The main objective of the presented study is to examine and explore how digital transformation in higher education in Kosovo is conceptualised in a changing context. The research focuses on teacher education as a pathway that links pre-university education with higher education system to ensure future teacher preparation. A qualitative research design approach has been defined and implemented. The data were collected through interviews with management staff and teacher educators, and group interviews with student teachers, at the University in Kosovo and teacher education institution. Following the principles of the hermeneutical circle, conceptualisations of digital transformation in teacher education were clustered into the following dimensions: (i) policy, (ii) organisation culture and management, and (iii) teaching and learning. The research contributes to the discussions with the emerging conceptualisations of digital transformation in teacher education by drawing from thematic areas concerning policy response mechanisms, teacher education policy as isolated from higher education framework, change management process, missing organisational culture, rigidity, and resistance in teaching. The results achieved concludes that teacher education context should be reconceptualised within the higher education framework to better manage a transition and change settings for a shared conceptualisation and sustainable digital transformation.
Topic 3: Digital challenges in business environment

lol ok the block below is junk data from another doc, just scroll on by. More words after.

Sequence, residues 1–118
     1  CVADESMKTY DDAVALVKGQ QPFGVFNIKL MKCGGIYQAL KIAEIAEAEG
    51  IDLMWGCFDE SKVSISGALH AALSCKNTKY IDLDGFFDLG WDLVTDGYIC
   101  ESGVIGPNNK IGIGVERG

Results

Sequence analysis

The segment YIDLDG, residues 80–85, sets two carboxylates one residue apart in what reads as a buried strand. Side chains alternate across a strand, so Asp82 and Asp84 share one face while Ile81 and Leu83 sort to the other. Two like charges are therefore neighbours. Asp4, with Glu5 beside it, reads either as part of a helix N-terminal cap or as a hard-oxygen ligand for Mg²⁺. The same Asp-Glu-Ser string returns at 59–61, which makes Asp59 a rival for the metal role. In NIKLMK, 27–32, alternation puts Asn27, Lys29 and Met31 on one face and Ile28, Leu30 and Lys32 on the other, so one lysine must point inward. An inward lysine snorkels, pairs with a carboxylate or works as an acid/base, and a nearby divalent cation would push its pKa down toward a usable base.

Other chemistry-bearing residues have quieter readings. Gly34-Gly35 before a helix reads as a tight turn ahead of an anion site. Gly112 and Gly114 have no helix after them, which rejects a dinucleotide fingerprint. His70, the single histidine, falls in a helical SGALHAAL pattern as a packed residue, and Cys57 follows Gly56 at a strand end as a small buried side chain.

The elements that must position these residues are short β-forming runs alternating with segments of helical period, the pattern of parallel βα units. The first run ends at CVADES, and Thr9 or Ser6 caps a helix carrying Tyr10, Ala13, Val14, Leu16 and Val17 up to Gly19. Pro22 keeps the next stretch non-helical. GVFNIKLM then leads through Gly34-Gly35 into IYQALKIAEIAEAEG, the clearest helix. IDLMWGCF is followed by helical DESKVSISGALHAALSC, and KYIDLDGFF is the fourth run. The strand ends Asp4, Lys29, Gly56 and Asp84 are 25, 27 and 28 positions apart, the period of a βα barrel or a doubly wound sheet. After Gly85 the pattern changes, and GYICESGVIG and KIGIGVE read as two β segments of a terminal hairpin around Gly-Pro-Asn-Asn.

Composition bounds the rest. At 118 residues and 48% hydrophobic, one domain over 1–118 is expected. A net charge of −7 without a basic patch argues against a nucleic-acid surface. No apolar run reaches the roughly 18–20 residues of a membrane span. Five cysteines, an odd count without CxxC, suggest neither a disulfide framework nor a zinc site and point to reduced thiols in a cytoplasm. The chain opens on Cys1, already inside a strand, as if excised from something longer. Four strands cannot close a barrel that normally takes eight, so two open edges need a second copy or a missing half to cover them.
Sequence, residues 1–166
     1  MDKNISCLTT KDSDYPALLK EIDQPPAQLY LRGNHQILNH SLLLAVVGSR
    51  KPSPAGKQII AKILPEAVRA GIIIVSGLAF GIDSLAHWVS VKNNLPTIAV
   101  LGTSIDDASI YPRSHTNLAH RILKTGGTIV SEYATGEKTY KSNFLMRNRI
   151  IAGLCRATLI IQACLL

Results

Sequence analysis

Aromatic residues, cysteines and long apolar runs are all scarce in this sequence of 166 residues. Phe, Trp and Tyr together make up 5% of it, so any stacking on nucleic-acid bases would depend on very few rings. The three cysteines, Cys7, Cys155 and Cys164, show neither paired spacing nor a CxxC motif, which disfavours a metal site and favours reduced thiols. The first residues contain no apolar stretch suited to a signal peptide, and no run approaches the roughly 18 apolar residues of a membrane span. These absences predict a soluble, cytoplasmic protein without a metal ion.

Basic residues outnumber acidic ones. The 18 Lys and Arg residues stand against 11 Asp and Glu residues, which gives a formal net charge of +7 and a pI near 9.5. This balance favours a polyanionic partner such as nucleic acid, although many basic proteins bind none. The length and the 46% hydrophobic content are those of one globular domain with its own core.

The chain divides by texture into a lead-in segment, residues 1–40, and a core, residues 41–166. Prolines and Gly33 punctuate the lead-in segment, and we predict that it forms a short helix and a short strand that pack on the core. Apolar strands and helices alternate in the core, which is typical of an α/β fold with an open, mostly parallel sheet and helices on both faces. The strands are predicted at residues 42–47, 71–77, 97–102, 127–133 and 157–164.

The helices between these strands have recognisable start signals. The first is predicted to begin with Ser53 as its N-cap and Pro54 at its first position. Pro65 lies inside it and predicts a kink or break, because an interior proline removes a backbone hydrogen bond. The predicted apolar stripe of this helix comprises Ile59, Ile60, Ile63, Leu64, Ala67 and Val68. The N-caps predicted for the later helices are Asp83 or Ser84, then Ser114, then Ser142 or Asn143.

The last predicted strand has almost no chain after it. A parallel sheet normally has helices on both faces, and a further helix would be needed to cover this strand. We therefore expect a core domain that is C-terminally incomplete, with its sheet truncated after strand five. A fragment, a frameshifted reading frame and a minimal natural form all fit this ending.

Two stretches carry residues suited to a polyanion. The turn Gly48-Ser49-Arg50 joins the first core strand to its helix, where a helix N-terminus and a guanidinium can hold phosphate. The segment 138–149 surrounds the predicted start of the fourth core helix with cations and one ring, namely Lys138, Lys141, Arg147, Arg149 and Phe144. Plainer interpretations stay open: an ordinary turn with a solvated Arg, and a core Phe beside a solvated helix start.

Sarfraz, Muddassar et al. ‘Organizational Learning from Errors and Organizational Effectiveness: A Dual Mediation Model’. 1 Jan. 2022:1–15.
The paper aims to examine the impact of learning organization from errors on organizational effectiveness under the mediating role of organizational commitment and job satisfaction. The study has adopted a descriptive and quantitative approach. The data has been collected from the healthcare sector employees by applying a convenience sampling technique. Statistical Package for the Social Sciences (SPSS) and SmartPLS-SEM was used for data and regression analysis. Findings revealed that organizational learning from errors has a significant and positive effect on organizational effectiveness. Results also divulged that organizational commitment and job satisfaction significantly mediate the relationship between organizational learning from errors and organizational effectiveness. Conclusions of the research underlined that organizations are changing by moving towards a more informative and knowledge-gaining organizational culture, and organizational learning from errors positively and significantly affects organizational effectiveness.